Craig Clements, a professor and director of the Fire Weather Research Laboratory at San Jose State University, has been measuring fuel moisture content and looking at the amount of new growth in the Santa Cruz Mountains every year since 2009 and he’s found that “everything’s below normal.”

“April’s not looking good, which is when we’re supposed to kind of have the highest fuel moistures,” he said. “It’s similar to our drier years, but I think because this drought is so severe, we can expect extremely dry fuels and probably a lot of dead fuel accumulating, because a lot of these shrubs are going to die.”

But the most important factor in this year’s fire season may not be the state of the fuels.

“Very few fires, in the larger scheme, are naturally caused,” said Cal Fire CZU unit chief Ian Larkin. Most frequently, humans throw the spark that sets fires off. The most unique aspect of the CZU complex fires, and a huge factor in the massive destruction they caused, was probably the clustered dry lightning that set them off, and it’s unlikely that will happen again this year.

Said Clements: “The fact that we had this lightning event in August, a day after we came out of an epic weeklong heat wave really set the stage.”

So far, scientists don’t know whether the frequency of dry lightning storms in California is shifting as a result of climate change.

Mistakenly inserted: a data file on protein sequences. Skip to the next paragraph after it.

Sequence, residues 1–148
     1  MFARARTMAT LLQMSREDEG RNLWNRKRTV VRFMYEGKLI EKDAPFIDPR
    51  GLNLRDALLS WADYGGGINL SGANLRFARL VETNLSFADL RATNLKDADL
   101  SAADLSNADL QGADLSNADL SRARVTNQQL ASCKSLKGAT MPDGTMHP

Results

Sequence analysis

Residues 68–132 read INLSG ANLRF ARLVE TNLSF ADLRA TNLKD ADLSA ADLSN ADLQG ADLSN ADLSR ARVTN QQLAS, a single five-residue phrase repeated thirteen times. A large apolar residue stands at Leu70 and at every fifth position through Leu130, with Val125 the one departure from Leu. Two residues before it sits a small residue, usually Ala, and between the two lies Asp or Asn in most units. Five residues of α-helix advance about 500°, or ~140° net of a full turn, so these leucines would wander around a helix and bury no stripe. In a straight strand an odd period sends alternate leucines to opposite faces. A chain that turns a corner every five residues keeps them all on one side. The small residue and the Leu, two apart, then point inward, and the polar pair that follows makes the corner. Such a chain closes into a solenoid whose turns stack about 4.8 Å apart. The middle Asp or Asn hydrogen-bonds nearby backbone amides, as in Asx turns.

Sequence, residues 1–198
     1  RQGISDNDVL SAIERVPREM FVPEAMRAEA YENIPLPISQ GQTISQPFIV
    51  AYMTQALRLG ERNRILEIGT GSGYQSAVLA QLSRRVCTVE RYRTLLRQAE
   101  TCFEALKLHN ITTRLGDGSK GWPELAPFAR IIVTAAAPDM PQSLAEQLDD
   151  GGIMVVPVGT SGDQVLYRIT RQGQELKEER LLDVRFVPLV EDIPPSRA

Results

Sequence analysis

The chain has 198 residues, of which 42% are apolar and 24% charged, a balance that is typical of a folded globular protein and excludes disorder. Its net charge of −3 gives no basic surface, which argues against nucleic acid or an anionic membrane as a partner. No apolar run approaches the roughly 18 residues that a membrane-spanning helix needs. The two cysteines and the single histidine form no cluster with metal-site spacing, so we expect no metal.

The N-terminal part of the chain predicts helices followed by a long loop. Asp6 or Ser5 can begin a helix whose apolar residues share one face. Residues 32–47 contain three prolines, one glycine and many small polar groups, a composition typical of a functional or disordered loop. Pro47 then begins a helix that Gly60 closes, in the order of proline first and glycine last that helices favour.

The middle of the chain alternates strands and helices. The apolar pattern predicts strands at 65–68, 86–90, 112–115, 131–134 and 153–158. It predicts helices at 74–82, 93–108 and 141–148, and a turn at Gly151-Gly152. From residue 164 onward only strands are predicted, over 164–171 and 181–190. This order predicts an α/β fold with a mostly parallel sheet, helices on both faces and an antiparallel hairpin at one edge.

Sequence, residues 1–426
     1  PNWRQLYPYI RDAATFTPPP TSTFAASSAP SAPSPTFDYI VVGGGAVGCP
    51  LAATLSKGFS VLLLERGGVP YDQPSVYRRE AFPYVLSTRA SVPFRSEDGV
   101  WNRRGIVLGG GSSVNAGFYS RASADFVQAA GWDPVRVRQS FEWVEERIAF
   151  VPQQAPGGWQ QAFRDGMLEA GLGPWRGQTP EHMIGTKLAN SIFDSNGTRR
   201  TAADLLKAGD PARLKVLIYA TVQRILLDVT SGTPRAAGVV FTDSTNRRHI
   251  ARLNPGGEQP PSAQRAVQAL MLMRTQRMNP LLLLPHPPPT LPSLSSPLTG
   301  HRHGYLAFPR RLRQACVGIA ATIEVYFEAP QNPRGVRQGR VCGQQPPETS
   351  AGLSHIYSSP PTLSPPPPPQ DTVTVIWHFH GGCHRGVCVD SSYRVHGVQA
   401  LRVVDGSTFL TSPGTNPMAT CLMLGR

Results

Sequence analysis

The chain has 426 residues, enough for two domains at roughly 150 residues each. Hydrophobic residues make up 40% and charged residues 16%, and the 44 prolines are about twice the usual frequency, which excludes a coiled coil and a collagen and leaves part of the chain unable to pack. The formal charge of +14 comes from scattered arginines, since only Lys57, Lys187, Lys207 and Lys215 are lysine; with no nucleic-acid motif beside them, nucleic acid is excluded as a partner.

“We have no evidence either way, really,” Daniel Swain, a climate scientist at the UCLA Institute of the Environment and Sustainability, told Lookout in an interview in the fall. Part of what makes it hard to detect any patterns is that lightning events like what happened last year are so “vanishingly rare,” he said.

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Lightning typically is not the ignition source for wildfires in California. That means the severity of the fire season is, to some extent, in human hands.

Common ways in which people can inadvertently start fires are if burn piles get out of control or aren’t properly extinguished, or if cars aren’t maintained well and lose a piece of hot metal from the catalytic converter. Mowing the lawn in the middle of a hot day can also be dangerous.

Most importantly, Larkin said, people should be vigilant and call 911 if they see smoke.

During warm weather, especially if the winds are coming up, Santa Cruz residents shouldn’t just think about it being a beautiful day, Larkin said. “They need to be thinking fire.”

Updates:

10:56 AM, May. 02, 2021: This story was updated to reflect that scientists don’t know yet whether climate change is impacting dry lightning storms.